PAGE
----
Hot Topic Highlight - Right to Manage Consultation

Posted on 27 / 03 / 19
by Jen Lemen

Hot Topic Highlight - Right to Manage Consultation

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What is this week's blog about?

This week, Jane Forsyth BA (Hons) MRICS, FIRPM considers the highlights of the Law Commission’s open consultation on Right to Manage.

A Chartered Surveyor, qualified (non-practising) solicitor and a Fellow of the IRPM, Jane contributed towards the Commission’s research and is one of the stakeholders named in the consultation document.

You can listen to the audio version of our blog here or at Anchor.

Who is consulting and why?

The Law Commission is an independent organisation, which proposes programmes of law reform to the Lord Chancellor.

The Commission’s current 13th programme of reform includes residential leasehold law, and provisional proposals to reform the statutory Right to Manage.

The Consultation reflects raised awareness of leaseholder rights as a social, economic and political hot topic. This is particularly of interest to residential RICS APC and AssocRICS candidates for the Spring 2019 assessments.

What is Right to Manage?

The Commonhold and Leasehold Reform Act 2002 created the Right to Manage (“RTM”).

RTM grants leaseholders of flats the right to take over the management of their block. The distinctive characteristic of RTM is that leaseholders do not have to prove that the landlord was at fault.

How is RTM exercised?

RTM applies to qualifying leaseholders of qualifying blocks, provided the correct procedure is followed. Broadly, a leaseholder qualifies for RTM if their lease was granted for a term exceeding 21 years.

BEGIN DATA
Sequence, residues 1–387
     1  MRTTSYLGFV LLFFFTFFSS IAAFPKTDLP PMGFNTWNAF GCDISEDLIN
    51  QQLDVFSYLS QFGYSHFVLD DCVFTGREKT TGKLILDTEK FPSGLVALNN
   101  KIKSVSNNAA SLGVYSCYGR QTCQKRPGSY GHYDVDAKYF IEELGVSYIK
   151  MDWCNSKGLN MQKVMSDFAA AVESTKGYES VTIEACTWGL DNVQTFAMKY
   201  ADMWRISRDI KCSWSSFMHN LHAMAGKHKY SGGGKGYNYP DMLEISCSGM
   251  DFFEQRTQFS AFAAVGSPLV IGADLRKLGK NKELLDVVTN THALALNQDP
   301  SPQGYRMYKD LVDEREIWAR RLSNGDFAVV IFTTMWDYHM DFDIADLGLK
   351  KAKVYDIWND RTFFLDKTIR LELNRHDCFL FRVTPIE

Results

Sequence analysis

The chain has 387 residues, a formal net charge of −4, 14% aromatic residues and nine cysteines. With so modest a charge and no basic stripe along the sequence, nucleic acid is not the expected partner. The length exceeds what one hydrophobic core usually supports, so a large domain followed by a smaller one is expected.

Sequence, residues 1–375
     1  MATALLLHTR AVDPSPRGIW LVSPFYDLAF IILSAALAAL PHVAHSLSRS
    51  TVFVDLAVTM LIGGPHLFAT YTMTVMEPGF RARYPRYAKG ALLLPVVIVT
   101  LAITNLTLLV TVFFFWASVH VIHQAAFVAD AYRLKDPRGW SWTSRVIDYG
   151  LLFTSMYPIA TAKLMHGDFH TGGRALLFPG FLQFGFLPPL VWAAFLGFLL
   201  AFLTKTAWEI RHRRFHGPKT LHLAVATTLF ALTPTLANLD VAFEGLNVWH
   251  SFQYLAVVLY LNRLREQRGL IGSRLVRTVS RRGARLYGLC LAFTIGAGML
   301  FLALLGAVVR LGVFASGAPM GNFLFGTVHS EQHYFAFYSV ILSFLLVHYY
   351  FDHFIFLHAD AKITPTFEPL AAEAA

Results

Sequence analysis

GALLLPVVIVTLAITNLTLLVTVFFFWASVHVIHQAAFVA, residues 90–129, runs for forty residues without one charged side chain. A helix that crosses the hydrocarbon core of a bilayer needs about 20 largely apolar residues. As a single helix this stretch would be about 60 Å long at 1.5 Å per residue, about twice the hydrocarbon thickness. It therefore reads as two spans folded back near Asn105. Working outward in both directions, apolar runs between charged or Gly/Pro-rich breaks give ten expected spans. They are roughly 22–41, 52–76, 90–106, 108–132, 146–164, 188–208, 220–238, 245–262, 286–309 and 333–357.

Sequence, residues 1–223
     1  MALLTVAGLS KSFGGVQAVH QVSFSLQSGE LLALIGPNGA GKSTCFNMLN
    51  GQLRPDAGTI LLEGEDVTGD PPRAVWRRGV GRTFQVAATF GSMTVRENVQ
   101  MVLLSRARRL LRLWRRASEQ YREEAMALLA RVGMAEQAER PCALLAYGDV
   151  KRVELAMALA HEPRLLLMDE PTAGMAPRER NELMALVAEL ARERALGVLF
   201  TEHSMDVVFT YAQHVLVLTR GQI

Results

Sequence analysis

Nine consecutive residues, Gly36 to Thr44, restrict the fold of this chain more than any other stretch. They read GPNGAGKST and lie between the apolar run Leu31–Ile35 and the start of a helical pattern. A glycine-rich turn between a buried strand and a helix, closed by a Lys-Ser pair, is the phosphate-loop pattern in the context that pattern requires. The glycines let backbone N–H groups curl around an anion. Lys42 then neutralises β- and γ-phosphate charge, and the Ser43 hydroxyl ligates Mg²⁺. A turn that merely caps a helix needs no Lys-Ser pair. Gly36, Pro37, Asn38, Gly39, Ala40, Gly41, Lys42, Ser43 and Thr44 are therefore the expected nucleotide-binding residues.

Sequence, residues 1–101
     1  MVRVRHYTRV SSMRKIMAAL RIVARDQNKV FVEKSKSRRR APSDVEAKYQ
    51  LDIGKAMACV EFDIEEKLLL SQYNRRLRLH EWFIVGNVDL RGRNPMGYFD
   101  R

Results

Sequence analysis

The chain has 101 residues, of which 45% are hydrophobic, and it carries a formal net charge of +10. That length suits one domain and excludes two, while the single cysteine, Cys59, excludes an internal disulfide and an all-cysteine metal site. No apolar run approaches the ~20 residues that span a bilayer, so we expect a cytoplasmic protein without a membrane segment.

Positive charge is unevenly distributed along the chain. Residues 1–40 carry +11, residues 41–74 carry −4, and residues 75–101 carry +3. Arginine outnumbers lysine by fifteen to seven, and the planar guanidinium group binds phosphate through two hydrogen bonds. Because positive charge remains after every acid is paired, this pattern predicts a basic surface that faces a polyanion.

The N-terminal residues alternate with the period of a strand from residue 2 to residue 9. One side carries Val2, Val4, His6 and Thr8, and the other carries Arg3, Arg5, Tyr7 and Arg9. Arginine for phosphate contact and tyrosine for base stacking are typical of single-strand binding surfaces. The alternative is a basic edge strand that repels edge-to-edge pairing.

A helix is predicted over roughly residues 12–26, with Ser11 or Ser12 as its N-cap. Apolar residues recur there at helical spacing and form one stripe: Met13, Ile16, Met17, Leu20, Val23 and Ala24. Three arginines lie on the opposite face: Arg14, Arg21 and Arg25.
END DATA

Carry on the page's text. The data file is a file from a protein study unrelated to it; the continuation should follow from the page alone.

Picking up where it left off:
Qualifying blocks must:

  • Be a detached building or self-contained part of a building comprising two or more flats
  • Comprise no more than 25% non-residential use, based on the total floor area excluding common parts, with at least two thirds of the flats held by qualifying leaseholders

The RTM does not apply if a local housing authority is the immediate landlord of any qualifying leaseholder, or if the block is a conversion of four or fewer flats with a resident landlord.

The right must be exercised via a Right to Manage Company. This is a company limited by guarantee with prescribed Articles of Association. The Company issues a Notice of Invitation to Participate to qualifying leaseholders, followed by a Claim Notice to the Landlord.

The claim can only be validly exercised if membership of the RTM Company comprises the qualifying leaseholders of at 
least 50% of the flats in the block.

The Landlord may serve a Counter Notice, either admitting the claim, or stating that the RTM Company is not entitled to exercise the right to manage.

Disputes are resolved by the First-tier Tribunal (Property Chamber) and the RTM Company also has rights of access and to obtain information in relation to the claim.

If no Counter Notice is served, the RTM Company will be entitled to take over the management on the date specified in the Claim Notice, which must be at least three months after the date for service of the Counter Notice.

Once the Right to Manage has been exercised, the landlord is entitled to membership of the RTM Company, and remains entitled to the remedy of forfeiture and to receive ground rents.

What is the RTM Company responsible for?

The RTM Company takes over responsibility for enforcing leaseholder covenants and managing the block, including maintenance and repairs, insurance, collection of service charges and provision of services under the leases. Contracts in existence prior to the management takeover will lapse allowing the RTM Company to enter into new contracts.

If the leases require the landlord’s consent e.g. to alterations, assignment or subletting, the power to grant consent passes to the RTM Company.

However, the Company must notify the landlord of applications for consent. If the landlord objects to consent being granted, application may be made to the First-tier Tribunal (Property Chamber) for a determination.

What are the issues with Right to Manage?

The consultation highlights several issues:

  • The procedure is too technical, so small mistakes can cause delays, and can lead to the right being challenged or even defeated